THE ISSUE: Relay returns to high school
OUR VIEW: Different day, shorter format a good solution
In 1997, “Titanic” was in theaters, Bill Clinton was president and Tiger Woods became the youngest golfer to win the Masters.
That year marked another significant event in La Salle County – the inaugural Relay for Life, which was originally held at Ottawa High School’s King Field. Since then, more than $3.8 million has been raised for the American Cancer Society.
Through the years, the event lasted overnight, but it recently changed formats as many volunteers are needed and an overnight event for some may seem daunting.
Last year, a shorter reception was held at the Streator Knights of Columbus Hall, while this year, the event will move to a Saturday afternoon/evening schedule back at Streator High School. Initially the event was going to return to Streator City Park, but has been moved indoors due to weather.
“It was really important for us to move this event back to a festival format,” said event co-leader Kathy Hombaker. “We had a great turnout at our survivor reception in August, but we wanted to get back to the park and provide an opportunity for everyone in the community to join us in fighting cancer. We’re excited to have some new ideas from our event leadership team to create an event that we can be really proud of. The afternoon and evening time frame will allow us to create a great experience for families, businesses and organizations.”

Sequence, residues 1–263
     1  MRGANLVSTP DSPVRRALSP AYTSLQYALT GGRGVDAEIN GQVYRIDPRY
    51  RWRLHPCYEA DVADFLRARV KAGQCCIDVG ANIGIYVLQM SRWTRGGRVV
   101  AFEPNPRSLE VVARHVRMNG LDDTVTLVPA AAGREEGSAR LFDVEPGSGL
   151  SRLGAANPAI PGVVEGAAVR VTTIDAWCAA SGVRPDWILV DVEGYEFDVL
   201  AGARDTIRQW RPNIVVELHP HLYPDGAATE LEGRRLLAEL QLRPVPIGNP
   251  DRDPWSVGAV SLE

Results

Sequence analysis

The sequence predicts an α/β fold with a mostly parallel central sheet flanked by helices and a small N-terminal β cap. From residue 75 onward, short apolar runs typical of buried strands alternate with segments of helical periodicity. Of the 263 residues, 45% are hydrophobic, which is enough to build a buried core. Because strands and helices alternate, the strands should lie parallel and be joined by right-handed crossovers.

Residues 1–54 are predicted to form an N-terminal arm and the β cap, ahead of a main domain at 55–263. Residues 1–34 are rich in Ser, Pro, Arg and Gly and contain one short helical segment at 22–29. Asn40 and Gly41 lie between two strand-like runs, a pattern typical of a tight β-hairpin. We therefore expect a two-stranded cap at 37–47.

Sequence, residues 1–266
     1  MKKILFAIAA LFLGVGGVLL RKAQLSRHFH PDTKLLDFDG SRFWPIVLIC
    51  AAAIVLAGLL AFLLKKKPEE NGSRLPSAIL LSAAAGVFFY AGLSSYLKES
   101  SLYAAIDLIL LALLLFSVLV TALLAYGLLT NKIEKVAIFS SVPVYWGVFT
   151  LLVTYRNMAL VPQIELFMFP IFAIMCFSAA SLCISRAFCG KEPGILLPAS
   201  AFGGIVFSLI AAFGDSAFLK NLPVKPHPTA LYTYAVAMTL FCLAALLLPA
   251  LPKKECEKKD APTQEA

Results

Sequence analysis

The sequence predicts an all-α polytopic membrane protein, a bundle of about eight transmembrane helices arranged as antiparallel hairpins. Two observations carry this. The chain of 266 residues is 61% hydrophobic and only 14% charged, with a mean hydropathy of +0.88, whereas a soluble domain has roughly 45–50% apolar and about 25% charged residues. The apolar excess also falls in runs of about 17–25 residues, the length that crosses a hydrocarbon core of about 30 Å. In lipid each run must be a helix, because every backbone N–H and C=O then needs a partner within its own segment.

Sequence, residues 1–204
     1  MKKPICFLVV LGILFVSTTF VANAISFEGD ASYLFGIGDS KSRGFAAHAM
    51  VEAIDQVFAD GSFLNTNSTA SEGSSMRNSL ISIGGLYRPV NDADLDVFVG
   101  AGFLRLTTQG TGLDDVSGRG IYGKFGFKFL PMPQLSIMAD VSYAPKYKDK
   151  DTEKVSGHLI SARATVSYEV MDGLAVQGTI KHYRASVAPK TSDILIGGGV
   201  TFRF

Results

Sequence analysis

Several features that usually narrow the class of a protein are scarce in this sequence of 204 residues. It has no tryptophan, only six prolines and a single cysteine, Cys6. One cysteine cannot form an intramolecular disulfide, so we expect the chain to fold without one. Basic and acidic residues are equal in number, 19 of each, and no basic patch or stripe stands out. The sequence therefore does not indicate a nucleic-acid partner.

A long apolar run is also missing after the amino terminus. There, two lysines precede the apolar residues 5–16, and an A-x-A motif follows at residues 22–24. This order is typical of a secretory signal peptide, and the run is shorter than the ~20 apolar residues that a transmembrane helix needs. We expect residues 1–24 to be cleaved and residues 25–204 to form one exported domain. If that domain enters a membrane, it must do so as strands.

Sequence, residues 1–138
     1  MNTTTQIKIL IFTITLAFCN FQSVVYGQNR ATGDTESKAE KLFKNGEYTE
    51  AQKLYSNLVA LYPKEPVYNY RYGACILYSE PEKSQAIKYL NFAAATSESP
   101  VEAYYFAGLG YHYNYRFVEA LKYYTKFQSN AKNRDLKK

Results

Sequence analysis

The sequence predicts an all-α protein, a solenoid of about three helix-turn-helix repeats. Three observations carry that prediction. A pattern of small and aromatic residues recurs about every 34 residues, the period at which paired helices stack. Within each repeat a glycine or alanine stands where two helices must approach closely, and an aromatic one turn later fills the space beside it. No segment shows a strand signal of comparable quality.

Activities will start at 2 p.m. and run until 10 p.m. today. Although the event will be shorter, the same experiences will take place as in the past. Visitors don’t have to be on a Relay Team to walk in honor of or in memory of a loved one. Walkers and members of the public are invited.
But what’s it all for? Yes, donations go to the American Cancer Society, but how does that directly impact residents?
Well, this past year, hundreds of residents in La Salle County have directly utilized services through the American Cancer Society.
Those services included free wigs for 39 patients, resource referrals for 100 patients, free or reduced hotels during cancer treatment for 68 patients, increased access to care for 67 patients and personal health managers for 108 patients. In addition, local residents have received 24 stays in the American Cancer Society Hope Lodge while seeking treatment.
While Relay for Life is technically a fundraiser, our coverage throughout the event’s 20-plus years has shown us, and hopefully our readers, it’s equally about camaraderie and inspiration.
Through the various ceremonies, including the honoring of survivors and caregivers, luminaria ceremony and guest speakers, attendees are surrounded by inspiration and support, all the while being entertained with the not-so-serious activities including live music, horse-drawn wagon rides and games. Food trucks also will be a new addition.
This is a special event for our area, and it’s refreshing to see new life breathed back into Relay for Life. While the reception last summer was a decent substitute for the Relay, we’re excited to see it taking the shape of its former self.
The new day and shorter format appears to be a workable solution to decreasing attendance and increasing challenge of recruiting volunteers for an overnight event.
The stage is set for a successful Relay.